crafting a st. george art doll

MAKING A ST. GEORGE ART DOLL ⚔🐉

In this part of the process of making a St. George art doll, the poseable doll's made from a variety of mixed media. Most of the materials your as likely to find in a hardware store as you are an art supply or hobby shop. The armature consists of twisted aluminum wire, aluminum tubing in the neck and used at the forearms, a length of steel wire to give the figure stability and allow it to anchor into a set or display base, and plumber's epoxy. The body's massed-out with upholstery foam and then clothing's sewn around the art doll.

 

Watch Part 5 in the St. George & the Dragon Piece | MAKING A ST.  GEORGE ART DOLL ⚔🐉:

 

An art doll's neck doesn't need to be reinforced with the aluminum tubing, you can typically just drill right into the clay if you'd like, but the way I design my characters, I like them to have thin necks because that's the way I tend to draw figures- I like lanky, gawky, attenuated characters. If I were to make a character's neck as thin as I do without putting in the tubing and drill into it, the backed polymer clay would likely crack and crumble around the drill bit.

 

Once the aluminum and steel wire are all twisted into place, they're secured with plumber's epoxy that's molded into a form to create a cylinder shaped chest and smaller oblong cylinder for the pelvis, which all takes about an hour to set (if you were handling the plumber's epoxy more vigorously, you might want to give it a day). From there, I use the figure's contours to sketch-out a front and back form out of the upholstery foam and cut it out with pair of scissors. These front and back pieces get attached to the plumber's epoxy with a resin based epoxy. Lastly I sketch-out the amount of fabric I'll need to sew the clothing, leaving a bit of a seam allowance. Ordinarily, it's a good idea to use lighter weight fabric, but for the look of the chain-mail armor, I used a heavier upholstery weight fabric that was kind of a pain to work with. The process of making St. George art doll probably took a couple of full work days, not including the time I spent sketching-out details or gathering materials.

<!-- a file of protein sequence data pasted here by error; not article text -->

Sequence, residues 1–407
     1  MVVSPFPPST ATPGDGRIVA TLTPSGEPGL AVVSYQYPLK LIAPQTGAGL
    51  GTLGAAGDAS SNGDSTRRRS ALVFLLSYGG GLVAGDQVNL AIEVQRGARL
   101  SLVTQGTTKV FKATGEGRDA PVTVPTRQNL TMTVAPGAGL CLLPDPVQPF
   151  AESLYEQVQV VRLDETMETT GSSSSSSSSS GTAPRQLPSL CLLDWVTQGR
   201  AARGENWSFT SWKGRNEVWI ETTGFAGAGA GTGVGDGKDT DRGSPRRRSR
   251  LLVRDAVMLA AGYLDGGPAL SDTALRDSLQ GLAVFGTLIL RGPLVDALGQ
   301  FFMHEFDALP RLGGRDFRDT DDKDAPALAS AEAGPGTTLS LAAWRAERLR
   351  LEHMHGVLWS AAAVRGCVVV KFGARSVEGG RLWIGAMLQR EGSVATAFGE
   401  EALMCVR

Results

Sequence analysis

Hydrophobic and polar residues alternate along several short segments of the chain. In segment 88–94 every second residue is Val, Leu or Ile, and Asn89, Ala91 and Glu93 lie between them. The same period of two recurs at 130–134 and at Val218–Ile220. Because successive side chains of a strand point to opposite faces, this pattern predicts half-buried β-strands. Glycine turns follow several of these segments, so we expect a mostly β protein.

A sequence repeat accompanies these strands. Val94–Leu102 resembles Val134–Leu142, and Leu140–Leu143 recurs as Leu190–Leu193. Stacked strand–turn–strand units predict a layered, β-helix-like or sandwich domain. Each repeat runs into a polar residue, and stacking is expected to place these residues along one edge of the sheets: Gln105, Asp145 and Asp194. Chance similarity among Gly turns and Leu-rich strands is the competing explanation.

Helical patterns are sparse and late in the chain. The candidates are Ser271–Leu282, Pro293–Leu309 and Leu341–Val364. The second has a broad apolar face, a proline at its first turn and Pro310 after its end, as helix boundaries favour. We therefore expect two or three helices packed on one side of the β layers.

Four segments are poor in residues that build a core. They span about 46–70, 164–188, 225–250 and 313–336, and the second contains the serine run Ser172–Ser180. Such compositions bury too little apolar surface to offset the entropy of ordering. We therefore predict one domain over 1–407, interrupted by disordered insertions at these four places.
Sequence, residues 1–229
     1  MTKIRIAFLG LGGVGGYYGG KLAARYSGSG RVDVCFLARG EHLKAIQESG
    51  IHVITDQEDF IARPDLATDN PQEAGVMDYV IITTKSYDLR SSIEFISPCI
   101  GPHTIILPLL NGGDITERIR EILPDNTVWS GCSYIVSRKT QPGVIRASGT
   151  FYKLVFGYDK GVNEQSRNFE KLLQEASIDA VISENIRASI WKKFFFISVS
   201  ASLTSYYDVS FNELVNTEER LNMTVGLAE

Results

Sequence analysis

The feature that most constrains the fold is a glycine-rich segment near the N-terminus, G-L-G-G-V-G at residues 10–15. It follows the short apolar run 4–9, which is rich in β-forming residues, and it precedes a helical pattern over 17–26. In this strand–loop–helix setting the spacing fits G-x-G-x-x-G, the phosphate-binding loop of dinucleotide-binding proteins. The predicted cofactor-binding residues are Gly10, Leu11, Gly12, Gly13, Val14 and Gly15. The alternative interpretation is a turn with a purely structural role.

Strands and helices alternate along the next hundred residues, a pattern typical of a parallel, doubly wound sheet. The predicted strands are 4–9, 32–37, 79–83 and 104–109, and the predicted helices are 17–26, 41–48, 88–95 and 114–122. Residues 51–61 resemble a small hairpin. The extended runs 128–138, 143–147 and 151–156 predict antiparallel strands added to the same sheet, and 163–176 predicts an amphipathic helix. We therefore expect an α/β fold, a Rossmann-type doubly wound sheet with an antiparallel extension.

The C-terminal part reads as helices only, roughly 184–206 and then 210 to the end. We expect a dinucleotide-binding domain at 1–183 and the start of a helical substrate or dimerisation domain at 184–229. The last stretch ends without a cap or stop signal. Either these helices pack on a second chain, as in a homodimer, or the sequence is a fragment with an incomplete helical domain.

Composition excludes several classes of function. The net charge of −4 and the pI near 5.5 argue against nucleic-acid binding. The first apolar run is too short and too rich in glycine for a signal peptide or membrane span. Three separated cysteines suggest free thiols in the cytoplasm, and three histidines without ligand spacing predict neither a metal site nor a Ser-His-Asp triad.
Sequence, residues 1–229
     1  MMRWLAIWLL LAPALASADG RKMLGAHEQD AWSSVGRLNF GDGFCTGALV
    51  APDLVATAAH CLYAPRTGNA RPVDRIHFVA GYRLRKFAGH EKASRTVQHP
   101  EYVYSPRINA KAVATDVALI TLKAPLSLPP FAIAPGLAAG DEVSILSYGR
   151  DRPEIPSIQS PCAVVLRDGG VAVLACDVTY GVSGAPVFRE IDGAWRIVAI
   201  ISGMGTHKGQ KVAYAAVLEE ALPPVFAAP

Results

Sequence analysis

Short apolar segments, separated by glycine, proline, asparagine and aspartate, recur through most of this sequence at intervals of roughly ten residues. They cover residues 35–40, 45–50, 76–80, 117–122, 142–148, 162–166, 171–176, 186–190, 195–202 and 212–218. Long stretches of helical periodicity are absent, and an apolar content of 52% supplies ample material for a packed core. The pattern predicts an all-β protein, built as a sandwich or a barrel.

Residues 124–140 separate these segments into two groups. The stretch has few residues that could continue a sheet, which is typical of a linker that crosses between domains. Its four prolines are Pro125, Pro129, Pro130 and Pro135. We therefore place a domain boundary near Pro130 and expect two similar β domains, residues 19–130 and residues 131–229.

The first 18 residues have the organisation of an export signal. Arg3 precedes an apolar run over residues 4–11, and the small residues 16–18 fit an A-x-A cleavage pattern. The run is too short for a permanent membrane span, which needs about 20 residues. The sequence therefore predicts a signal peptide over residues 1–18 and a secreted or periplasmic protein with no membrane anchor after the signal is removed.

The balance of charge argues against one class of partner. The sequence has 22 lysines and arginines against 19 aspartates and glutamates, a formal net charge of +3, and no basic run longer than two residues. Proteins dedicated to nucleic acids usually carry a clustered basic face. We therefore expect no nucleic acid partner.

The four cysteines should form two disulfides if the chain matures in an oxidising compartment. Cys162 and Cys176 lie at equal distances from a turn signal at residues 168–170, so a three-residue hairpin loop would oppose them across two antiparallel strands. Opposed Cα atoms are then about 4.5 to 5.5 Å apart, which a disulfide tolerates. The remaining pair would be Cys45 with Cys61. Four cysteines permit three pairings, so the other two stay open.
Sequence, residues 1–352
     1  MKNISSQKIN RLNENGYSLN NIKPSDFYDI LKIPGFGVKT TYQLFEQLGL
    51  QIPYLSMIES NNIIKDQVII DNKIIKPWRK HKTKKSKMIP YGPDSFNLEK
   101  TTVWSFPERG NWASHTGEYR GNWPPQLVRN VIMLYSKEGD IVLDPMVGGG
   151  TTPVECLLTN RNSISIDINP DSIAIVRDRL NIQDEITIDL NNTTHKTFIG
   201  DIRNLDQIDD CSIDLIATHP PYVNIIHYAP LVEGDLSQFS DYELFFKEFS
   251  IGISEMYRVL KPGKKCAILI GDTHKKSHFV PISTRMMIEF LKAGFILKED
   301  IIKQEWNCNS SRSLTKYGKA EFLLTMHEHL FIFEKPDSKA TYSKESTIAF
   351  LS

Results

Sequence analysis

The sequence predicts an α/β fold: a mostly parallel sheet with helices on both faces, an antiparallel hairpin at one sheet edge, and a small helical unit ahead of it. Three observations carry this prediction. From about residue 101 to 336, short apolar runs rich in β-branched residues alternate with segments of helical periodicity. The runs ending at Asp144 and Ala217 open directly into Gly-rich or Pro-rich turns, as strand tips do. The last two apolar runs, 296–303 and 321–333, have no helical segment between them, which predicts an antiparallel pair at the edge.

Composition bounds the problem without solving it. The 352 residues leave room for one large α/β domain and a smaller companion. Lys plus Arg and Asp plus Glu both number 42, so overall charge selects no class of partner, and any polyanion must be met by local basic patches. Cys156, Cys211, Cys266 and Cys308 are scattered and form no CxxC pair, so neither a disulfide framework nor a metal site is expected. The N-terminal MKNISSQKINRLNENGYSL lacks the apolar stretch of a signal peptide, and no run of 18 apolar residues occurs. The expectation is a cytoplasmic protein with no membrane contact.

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If you want to be the first to know when I launch new polymer clay art videos, be sure to subscribe to my YouTube channel and hit the bell icon (but because YouTube's wonky, you can also join the newsletter). At present, I am launching new videos Saturdays at 2pm EST and I will keep this information up-to-date on my YouTube channel's banner and "about" section here:  https://www.youtube.com/thedreamsyndicatearts.

Sculpting St. George 🐉

When sculpting St. George, I wanted a younger interpretation of our hero. Just about every time I'm sculpting an art doll, I begin with sketches and for this piece I did a few quick studies from teenage aged boys- some of the reference pictures came from Google image searches and some from this great book of Norman Rockwell's depictions of childhood. I also spent spent some time looking at prior depictions of St. George in medieval and renaissance art.

Watch Part 4 in the St. George & the Dragon Piece | Sculpting St. George 🐉:

 

I wanted to capture a sort of frightened, panicked expression and I was somewhat thinking of Kevin McCallister from "Home Alone", you know, the shaving cream, "Aaahhhhhhhhhh!" scene. My idea for the finished piece of art is to create an image that references the legend of St. George and the Dragon, but to also convey the concept that the dragon isn't nearly as threatening as George thought and it was his imagination making the dragon more terrible than he thought.

 

If you want to make the imaginary a reality, be sure to subscriber on YouTube!

If you want to be the first to know when I launch new polymer clay art videos, be sure to subscribe to my YouTube channel and hit the bell icon (but because YouTube's wonky, you can also join the newsletter). At present, I am launching new videos Saturdays at 2pm EST and I will keep this information up-to-date on my YouTube channel's banner and "about" section here:  https://www.youtube.com/thedreamsyndicatearts.